“It would be extremely damaging if the Obama Administration, based on their own committee’s findings, continues to delay taking the necessary action of setting a course for NASA and devoting the necessary resources and leadership to ensure the agency is able to achieve its goals. I call on President Obama to use today’s report release from his committee as a catalyst for submitting to Congress an appropriate mission and budget for NASA and a robust human space flight program.”

Representatives Bart Gordon (D-TN) and Gabrielle Giffords (D-AZ), chairs of the House Science and Technology Committee and its Science and Space subcommittee issued a joint press release. Chairman Gordon was generally positive, but indicated that much work remains to be done.

“We Americans fundamentally have to decide whether we want to have a human space exploration program or not-if we do, the Augustine panel makes clear that we will need to invest additional resources….Thus, the president has a clear and important decision to make, and I want to work with him to craft a productive path forward for the nation.”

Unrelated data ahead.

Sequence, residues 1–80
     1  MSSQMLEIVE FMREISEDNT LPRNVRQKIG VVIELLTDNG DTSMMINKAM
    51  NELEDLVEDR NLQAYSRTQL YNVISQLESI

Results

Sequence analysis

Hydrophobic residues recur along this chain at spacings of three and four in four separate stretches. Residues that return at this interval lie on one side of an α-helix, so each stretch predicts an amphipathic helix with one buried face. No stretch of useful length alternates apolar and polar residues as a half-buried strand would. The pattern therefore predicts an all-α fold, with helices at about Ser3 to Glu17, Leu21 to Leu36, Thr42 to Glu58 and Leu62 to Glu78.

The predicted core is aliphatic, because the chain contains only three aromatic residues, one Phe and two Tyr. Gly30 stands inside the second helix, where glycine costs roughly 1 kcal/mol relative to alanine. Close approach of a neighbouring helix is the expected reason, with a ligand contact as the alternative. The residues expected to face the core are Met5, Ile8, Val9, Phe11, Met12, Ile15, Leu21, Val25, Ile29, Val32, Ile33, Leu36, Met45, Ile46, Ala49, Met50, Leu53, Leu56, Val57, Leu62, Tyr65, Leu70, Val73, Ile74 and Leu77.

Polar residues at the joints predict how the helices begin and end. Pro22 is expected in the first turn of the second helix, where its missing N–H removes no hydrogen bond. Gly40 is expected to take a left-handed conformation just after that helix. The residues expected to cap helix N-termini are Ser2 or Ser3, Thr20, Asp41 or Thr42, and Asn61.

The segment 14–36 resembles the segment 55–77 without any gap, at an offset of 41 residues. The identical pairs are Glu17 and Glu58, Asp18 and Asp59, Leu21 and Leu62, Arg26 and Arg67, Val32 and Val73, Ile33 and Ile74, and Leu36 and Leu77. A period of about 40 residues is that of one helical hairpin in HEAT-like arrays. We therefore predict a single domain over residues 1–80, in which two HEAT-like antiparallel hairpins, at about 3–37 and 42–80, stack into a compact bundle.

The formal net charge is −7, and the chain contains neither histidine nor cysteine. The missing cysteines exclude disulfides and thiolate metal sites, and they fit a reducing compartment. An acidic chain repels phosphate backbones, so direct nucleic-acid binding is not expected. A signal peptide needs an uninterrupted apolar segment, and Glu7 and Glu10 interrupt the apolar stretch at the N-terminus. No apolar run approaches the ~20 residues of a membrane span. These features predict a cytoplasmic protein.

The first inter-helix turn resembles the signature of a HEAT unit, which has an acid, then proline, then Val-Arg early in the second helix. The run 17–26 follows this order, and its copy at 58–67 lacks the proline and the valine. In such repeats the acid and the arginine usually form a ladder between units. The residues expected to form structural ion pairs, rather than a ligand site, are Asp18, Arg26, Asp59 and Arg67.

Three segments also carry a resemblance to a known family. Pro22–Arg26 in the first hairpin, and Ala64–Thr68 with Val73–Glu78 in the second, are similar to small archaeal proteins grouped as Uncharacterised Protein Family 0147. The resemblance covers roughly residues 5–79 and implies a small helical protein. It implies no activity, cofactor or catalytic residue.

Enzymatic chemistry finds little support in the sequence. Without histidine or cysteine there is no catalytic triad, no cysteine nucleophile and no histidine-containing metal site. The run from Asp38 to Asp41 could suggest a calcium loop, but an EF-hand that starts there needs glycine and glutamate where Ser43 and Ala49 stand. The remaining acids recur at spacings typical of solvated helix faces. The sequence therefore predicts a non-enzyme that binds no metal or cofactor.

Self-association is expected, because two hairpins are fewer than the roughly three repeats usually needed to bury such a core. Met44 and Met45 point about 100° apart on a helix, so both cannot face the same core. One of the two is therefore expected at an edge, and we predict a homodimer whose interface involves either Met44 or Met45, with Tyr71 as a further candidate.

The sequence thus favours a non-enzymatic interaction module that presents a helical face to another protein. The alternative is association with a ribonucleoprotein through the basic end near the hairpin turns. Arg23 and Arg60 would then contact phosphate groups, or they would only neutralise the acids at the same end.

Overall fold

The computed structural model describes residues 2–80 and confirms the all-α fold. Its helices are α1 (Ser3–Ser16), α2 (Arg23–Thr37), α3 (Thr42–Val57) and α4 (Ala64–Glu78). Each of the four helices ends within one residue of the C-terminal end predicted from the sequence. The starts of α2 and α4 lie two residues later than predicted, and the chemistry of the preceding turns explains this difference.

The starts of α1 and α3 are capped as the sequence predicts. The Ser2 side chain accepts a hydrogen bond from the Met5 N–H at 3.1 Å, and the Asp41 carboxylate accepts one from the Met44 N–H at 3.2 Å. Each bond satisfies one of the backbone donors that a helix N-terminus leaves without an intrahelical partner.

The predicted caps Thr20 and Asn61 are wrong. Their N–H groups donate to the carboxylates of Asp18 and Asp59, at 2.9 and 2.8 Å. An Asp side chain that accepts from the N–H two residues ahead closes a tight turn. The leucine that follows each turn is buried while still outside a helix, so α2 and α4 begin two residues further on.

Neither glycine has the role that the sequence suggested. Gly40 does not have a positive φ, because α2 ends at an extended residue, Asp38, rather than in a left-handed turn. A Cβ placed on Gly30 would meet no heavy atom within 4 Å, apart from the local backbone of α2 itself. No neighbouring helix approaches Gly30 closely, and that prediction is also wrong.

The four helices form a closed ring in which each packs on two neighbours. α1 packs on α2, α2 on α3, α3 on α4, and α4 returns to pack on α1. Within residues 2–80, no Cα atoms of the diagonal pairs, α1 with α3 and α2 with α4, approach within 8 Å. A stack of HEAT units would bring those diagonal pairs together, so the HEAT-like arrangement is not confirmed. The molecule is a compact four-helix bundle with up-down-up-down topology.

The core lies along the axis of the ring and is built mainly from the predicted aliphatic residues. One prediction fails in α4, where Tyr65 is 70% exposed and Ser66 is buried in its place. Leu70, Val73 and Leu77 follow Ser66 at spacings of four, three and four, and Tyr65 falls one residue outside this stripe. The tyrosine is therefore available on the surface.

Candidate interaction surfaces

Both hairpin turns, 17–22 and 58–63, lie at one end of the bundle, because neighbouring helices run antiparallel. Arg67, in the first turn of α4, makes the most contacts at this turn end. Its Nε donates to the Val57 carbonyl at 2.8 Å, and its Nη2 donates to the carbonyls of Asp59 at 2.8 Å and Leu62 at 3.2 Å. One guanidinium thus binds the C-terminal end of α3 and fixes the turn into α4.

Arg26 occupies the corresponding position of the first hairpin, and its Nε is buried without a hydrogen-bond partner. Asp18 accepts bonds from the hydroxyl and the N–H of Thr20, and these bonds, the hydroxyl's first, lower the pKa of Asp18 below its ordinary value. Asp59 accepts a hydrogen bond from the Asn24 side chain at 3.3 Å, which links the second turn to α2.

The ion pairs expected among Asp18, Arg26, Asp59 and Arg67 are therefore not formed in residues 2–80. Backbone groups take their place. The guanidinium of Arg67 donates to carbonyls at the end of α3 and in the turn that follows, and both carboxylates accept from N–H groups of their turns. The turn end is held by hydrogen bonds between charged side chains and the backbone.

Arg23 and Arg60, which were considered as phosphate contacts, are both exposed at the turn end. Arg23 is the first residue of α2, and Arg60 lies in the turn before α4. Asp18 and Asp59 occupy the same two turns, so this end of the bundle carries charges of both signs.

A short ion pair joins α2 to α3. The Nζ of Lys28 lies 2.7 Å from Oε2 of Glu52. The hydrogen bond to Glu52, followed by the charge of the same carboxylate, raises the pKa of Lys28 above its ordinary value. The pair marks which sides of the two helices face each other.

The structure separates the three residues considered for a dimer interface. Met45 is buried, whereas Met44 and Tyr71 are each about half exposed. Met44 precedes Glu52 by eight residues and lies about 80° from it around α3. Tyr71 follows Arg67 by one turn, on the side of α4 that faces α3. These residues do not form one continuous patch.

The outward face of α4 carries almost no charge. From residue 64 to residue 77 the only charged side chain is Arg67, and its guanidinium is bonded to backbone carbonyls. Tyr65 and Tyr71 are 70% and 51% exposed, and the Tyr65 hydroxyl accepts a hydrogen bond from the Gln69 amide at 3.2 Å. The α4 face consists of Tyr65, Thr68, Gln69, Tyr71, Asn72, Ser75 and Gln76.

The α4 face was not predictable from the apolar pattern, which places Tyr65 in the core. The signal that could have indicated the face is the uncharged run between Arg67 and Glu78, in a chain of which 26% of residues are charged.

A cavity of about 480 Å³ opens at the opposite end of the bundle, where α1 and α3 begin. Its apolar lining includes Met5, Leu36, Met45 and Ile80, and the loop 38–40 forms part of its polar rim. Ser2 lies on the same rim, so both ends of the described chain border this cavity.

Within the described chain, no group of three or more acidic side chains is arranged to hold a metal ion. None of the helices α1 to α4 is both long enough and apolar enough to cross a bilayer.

Representative Giffords again expressed strong support for continuing the existing Constellation program, as she did during the committee’s hearing in September:

“While I look forward to reading the Augustine panel’s final report, Congress has already made its decisions on the issues considered by the panel. Now that both internal and external independent reviews have confirmed that the Constellation program is being well executed, we know what needs to be done. Let’s get on with it and cease contemplating our collective navels.”

Representative Pete Olson (R-TX), ranking member of the subcommittee, expressed hope that the President would use the report to develop a “clear and sustainable path” for human space flight.

“It is my deep hope that the Administration responds to their panel’s work with a clear and sustainable path for the future of our human spaceflight program. We cannot at this juncture assume America’s continued leadership in space if we fail to make the commitments necessary to put us on the path to escaping low earth orbit and having a national program that yields scientific benefits, technology innovations, and a new generation of scientists and engineers. I urge President Obama to do the right thing and take this opportunity to enable America to maintain its global leadership in human spaceflight.”